Investors Sold off Brokerage Stocks on Tuesday. Is an Immediate Bounce-back Coming?
Charles Schwab Corp. (SCHW) announced plans to eliminate its $4.95 commissions on all stock, ETF and options trades on Tuesday. The idea is to “make investing easier and more affordable for everyone.” Nice gesture, right? Not to the cold, dead hearts of veteran Wall Street traders—shares of Charles Schwab and other online broker stocks sank like a rock in response to the announcement.
Here’s how four of the major online broker stocks, including SCHW, had fared through the first couple hours of Tuesday trading (and as of this writing):
Yikes! Yep you’re reading that right: TD Ameritrade (AMTD) and E-Trade (ETFC) were down an average of roughly 20% in early Tuesday trading—and those two companies aren’t even the ones dropping their brokerage fees!
We’re expecting 30% to 50% gains from virtually each of this week’s Top Ten trades—with the biggest moves coming after next week’s economic reports.
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Why did investors respond so negatively to Schwab’s commission-elimination, which won’t even take effect until next Monday, October 7? Most likely today’s decision to eliminate these commissions is further proof that these brokerage firms are in an all out war amongst each other, and are aggressively looking for creative ways to separate themselves from the pack.
And while paying zero commissions sounds like a huge win for the investor, there’s a catch…and it has to do with the word “fill.”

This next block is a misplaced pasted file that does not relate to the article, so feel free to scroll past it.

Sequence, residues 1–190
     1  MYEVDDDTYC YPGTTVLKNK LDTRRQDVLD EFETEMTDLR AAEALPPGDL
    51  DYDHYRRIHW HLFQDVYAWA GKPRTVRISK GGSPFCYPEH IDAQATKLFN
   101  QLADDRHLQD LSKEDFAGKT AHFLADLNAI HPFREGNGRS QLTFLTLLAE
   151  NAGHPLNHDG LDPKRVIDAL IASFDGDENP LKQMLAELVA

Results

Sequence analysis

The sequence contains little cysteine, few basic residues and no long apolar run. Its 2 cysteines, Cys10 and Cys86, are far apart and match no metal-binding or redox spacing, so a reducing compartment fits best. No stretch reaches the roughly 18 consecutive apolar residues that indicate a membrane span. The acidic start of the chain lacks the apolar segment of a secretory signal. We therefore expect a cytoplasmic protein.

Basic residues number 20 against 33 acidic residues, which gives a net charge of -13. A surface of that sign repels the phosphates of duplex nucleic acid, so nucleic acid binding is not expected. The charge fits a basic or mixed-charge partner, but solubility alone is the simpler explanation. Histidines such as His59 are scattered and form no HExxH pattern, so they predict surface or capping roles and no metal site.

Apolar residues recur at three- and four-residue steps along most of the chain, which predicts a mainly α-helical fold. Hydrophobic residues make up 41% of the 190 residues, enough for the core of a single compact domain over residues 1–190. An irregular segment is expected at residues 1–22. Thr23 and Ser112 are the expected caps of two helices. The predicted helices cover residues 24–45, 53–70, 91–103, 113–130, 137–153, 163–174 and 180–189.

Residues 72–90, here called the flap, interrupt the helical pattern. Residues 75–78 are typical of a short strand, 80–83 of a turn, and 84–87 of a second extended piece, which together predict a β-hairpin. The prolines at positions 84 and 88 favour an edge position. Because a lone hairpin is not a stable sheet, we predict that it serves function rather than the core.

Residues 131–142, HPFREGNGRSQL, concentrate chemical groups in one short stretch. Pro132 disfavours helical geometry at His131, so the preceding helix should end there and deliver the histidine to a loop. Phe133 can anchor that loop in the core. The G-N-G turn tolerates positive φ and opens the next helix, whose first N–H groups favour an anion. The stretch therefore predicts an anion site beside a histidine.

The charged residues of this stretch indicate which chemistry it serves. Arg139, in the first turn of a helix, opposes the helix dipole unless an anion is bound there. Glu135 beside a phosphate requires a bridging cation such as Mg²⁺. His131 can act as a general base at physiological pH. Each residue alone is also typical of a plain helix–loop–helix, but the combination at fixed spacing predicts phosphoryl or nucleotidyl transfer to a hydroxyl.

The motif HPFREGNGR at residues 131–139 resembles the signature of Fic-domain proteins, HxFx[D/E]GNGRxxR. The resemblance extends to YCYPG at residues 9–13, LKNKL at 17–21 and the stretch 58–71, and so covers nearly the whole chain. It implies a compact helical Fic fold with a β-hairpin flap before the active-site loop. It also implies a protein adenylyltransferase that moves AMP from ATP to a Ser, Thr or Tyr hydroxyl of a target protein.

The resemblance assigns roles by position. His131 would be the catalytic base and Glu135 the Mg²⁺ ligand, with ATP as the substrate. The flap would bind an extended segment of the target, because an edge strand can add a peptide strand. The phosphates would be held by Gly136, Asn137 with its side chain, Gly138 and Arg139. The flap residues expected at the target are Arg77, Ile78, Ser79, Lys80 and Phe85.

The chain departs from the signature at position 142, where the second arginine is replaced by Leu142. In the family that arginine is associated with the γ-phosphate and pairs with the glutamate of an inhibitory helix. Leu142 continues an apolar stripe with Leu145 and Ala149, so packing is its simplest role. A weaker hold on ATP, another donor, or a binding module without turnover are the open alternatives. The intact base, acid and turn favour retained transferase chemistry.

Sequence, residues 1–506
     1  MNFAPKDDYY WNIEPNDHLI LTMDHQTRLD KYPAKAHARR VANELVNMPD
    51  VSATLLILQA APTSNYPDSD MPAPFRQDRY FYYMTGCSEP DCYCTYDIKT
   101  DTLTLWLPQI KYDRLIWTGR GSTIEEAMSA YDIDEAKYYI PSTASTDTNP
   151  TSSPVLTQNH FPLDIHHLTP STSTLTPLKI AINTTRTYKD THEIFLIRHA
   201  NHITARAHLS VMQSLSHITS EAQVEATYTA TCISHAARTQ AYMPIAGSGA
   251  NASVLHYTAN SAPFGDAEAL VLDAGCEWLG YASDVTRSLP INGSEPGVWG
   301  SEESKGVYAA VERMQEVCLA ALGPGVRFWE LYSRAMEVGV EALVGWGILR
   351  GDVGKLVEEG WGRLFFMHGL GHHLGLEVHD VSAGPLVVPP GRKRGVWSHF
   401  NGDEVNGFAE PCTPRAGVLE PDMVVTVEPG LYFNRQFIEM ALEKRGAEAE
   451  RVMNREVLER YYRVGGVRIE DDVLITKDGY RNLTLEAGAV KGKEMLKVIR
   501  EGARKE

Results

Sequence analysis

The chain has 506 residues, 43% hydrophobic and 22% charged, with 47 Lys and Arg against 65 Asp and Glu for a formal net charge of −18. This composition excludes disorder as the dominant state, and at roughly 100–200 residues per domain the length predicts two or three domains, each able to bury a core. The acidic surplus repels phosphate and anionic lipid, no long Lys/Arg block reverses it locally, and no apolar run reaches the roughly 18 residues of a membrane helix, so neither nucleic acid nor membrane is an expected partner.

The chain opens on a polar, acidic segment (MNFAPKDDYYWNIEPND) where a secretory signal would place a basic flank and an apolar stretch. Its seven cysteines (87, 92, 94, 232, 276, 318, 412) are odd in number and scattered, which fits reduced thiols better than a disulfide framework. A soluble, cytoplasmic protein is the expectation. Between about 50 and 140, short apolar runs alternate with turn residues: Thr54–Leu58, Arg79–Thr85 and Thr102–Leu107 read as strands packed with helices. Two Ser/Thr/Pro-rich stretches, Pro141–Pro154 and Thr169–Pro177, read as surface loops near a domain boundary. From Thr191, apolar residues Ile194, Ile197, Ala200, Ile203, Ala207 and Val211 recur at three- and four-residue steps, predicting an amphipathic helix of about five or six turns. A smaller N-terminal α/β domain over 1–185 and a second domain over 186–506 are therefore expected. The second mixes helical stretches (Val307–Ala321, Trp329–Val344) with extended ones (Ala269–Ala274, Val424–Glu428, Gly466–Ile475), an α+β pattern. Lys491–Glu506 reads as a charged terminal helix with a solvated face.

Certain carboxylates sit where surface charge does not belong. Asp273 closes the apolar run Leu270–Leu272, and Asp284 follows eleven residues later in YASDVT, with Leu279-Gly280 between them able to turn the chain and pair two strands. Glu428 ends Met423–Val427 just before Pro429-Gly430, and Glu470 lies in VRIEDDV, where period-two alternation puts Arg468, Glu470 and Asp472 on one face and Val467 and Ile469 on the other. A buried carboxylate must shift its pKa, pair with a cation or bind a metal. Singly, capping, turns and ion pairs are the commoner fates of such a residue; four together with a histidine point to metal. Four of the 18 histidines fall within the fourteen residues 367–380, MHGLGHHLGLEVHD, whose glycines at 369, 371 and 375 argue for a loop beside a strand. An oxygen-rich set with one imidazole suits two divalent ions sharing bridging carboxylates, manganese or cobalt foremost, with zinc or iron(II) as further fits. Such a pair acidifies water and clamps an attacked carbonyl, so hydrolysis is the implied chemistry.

No Commissions = Less Price Control
When you pay a commission to buy a stock through your online broker, you can select the share price at which you want your order filled. In other words, you have the luxury of choosing the best fill price.
However, with commission-free brokerages like Robinhood, to recoup the money they’re losing from charging you a trading fee your online broker sells your order to the highest bidder instead of giving you the fill of your choosing. For instance, if the market on a stock is $9.98 – $10.00, and it’s possible that you could buy the stock at $9.99, you’ll instead get it at closer to $10.00 per share—a small difference, but one that adds up if you’re buying, say, 1,000 shares.
These online brokers are getting up to $0.003/share in exchange for your order. So if a trader buys 2,000 shares, that’s $6 extra your brokerage firm gets – more than the $4.95 commission Charles Schwab currently (though not for long) charges on each trade.
Jacob Mintz, chief analyst of our Cabot Options Trader and Cabot Options Trader Pro advisories, is a former market maker himself, having worked on the trading floor of the Chicago Board of Options Exchange for nearly a decade prior to joining Cabot Wealth. So I asked for his take on Schwab’s controversial switch to zero commissions.
“Basically, it’s a gateway drug,” he said, “a marketing ploy to get people to bring their money to these sites. But the thing is, with these zero commissions you are giving up a good fill, potentially.”
Hence, the backlash—on not just SCHW, but all major online broker stocks, at least for one day.
Buy the Bad News on Online Broker Stocks
Chances are this is classic Wall Street overreaction, and all these brokerage stocks will bounce back swiftly and completely in the coming days. In fact, I would bet on it—in which case I would buy the bad news (as we often recommend) by picking which online broker stock you like best, and pouncing before they have a chance to recover from Tuesday’s bloodbath.
Six months from now, we’ll see how the decision to go commission-free has affected Charles Schwab’s business and, more importantly, its stock. And we’ll see if other online brokers follow suit in eliminating their fees.
One thing’s for sure: Wall Street isn’t a fan of it. And if you’re someone who likes to buy a lot of shares of the companies you’re investing in, perhaps you shouldn’t be either.
Investment analyst and Chief Analyst of Cabot Wealth Daily, Chris Preston brings you all the latest from the investing world. Sign up to get updates and breaking news delivered FREE to your inbox. Get unlimited access to our library of complimentary investing reports.Sign up now!